Their system solves the doubt of a decision humanly taken

Regarding this AI system, Castellnou insisted that they want to train their own AI algorithms. However, they have two problems: First one, loss of expertise. Firefighters who began working in the ‘80s are now reaching retirement. These technicians lived huge exceptional moments in the ‘90s and at the beginning of 2000. Therefore, the real challenge lies in finding the way of avoiding this loss of expertise. The second one is a long-term training. Technicians only occasionally aggregate expertise. In other words, daily normal services are well-resolved and, for instance, once every ten years, there is an exceptional service.

According to Castellnou, most programs like Watson solve issues that are already solved. Furthermore, he said that they are intended for people who don’t know which decision to take; hence, these kinds of programs provide data, not solutions.

Two problems: loss of expertise and a long-term training

In operation, Watson can support Incident Commanders (police and fire services) in the field because Watson is able to understand, in real time, content from devices, such as drones, body cams, and thermal cams, and instantly propose a solution. The best of all is that it can handle lots of data without being tired or stressed.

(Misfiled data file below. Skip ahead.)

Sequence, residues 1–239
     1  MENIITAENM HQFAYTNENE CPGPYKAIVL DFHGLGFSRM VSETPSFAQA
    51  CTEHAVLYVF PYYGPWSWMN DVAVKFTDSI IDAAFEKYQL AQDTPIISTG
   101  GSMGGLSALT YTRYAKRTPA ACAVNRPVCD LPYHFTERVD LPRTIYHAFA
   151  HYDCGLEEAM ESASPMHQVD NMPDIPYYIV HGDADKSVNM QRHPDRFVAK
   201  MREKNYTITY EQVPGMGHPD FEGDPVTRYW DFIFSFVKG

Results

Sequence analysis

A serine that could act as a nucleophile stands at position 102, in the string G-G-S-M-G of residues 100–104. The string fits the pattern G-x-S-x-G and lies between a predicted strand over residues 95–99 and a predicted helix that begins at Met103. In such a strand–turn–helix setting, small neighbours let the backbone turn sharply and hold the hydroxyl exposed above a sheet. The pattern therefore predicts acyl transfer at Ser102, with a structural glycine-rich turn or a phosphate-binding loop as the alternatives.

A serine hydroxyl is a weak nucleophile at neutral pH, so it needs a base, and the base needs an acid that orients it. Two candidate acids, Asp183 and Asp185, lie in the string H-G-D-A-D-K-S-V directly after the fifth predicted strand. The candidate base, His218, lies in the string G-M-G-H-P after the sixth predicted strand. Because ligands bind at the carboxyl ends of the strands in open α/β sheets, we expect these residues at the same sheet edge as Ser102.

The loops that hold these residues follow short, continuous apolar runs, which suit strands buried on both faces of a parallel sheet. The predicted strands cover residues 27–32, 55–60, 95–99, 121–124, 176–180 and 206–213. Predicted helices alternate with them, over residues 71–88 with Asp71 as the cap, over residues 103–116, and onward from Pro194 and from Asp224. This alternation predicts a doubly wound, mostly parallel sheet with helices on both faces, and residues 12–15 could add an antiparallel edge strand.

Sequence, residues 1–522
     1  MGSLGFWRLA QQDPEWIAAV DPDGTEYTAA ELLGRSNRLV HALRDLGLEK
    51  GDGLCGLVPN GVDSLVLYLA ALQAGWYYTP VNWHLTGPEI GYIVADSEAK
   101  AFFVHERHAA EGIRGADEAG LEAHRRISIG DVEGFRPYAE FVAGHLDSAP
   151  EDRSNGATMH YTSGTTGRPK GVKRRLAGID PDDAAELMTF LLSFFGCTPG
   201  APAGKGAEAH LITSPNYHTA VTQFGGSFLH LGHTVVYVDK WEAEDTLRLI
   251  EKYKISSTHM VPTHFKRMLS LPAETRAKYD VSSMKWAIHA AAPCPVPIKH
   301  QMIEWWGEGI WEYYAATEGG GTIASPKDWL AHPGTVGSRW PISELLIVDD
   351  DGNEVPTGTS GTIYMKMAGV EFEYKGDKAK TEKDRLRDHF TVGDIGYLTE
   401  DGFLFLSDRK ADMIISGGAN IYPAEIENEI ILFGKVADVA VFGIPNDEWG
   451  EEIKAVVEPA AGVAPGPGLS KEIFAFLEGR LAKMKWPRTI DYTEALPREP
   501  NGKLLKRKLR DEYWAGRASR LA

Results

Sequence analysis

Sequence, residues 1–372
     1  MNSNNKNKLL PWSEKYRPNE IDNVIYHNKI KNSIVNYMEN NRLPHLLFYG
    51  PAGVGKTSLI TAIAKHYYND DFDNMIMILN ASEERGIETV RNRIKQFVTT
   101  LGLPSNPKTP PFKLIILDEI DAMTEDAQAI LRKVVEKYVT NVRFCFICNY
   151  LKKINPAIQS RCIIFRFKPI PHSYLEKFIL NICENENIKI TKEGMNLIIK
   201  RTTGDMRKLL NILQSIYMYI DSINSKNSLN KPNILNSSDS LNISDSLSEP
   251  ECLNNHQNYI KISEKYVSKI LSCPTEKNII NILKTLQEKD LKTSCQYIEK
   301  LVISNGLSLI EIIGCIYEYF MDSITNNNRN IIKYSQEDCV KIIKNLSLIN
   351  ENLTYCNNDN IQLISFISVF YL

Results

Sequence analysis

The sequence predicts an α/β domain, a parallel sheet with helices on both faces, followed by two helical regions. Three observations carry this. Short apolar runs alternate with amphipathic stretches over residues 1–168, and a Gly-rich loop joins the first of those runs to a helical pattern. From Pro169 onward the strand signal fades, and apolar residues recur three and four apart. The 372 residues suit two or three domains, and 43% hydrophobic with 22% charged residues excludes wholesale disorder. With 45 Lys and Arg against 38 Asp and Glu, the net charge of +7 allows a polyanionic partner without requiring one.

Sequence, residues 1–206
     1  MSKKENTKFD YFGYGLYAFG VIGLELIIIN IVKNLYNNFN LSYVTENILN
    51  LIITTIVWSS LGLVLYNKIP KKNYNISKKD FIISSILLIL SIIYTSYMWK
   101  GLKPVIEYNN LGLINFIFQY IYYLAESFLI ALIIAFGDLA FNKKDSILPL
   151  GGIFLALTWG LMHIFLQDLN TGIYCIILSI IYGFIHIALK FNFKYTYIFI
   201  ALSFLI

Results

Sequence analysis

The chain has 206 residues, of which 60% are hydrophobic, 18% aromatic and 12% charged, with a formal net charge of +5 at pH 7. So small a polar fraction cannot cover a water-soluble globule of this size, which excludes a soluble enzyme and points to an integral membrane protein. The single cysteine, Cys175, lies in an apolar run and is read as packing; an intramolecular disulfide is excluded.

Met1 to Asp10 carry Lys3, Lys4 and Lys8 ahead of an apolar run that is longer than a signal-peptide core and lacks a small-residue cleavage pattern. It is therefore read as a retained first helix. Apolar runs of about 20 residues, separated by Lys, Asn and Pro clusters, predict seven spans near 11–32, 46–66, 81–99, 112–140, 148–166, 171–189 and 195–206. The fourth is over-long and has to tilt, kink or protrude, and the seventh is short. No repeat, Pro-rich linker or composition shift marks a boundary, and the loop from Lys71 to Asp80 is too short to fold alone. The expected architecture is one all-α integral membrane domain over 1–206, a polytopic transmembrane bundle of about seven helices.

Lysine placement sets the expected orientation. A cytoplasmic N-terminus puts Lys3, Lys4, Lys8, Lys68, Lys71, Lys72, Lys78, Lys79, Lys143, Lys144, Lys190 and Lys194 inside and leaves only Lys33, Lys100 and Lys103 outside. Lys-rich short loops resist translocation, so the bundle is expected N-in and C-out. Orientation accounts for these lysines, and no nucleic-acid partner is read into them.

The problem is that few emergency agencies know about the potential use of Watson in their interventions. It just may be an Incident Commanders’ best friend as a virtual assistant. In fact, Watson is not here to substitute human decision-making, but to assist it, so this technology is fully compatible, for example, with the Catalonia Fire Service’s aforementioned strategy.

For more information on IBM Watson, see

Marc Valls Estefanell is the Director of Education & Public Policy at Unblur
This article was originally posted at and is used by arrangement with the author.

Photo by Randall D. Larson: San Jose (CA) Fire incident command and support staff on scene of 3-alarm fire, March 2007.

- Product Profiles/ (via Unblur, 6/22/17)


Show: Newest | Oldest

Post a Comment

Log in or sign up to comment

9-1-1 Magazine is a Sponsor of the California Mobile Command Center Rally

Send mail to with questions or comments about this portal.

© 2010-2017 9-1-1 MAGAZINE and The content of this portal is the property of 9-1-1 MAGAZINE and  We encourage government public-safety agencies to share any content with their staff, however, all others must not duplicate or modify any content without prior written consent of 9-1-1 MAGAZINE. Email for permissions. For more information, read the Terms of Service. Continued access of this portal and system implies consent to the above statements and those maintained on the Terms of Service.

Powered by Solata

MCM Consulting Yellow Submarine Marketing

 Team Rennick